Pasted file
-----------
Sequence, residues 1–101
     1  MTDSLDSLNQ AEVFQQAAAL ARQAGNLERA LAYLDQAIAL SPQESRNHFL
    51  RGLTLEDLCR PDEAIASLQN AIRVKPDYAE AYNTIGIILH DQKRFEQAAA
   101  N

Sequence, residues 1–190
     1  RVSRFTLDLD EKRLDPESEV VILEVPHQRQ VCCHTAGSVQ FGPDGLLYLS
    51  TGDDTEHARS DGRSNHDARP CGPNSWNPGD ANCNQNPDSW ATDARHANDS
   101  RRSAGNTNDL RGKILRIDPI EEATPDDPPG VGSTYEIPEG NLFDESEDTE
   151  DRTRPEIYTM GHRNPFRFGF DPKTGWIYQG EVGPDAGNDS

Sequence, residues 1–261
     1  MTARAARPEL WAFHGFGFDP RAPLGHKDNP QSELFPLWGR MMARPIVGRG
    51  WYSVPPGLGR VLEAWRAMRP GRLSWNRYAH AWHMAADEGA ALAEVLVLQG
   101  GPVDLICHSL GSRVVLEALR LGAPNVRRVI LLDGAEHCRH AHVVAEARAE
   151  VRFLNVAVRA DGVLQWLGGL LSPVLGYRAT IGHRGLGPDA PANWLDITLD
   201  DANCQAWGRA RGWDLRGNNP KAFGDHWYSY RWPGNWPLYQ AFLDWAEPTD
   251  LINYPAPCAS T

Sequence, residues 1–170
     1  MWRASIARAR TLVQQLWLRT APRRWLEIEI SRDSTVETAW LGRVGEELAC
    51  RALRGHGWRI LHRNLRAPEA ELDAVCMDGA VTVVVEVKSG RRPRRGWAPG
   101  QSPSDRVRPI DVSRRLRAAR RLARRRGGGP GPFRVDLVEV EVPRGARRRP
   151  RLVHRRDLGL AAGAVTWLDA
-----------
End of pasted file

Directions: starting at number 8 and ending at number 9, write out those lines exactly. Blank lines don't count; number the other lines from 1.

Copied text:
   101  RRSAGNTNDL RGKILRIDPI EEATPDDPPG VGSTYEIPEG NLFDESEDTE
   151  DRTRPEIYTM GHRNPFRFGF DPKTGWIYQG EVGPDAGNDS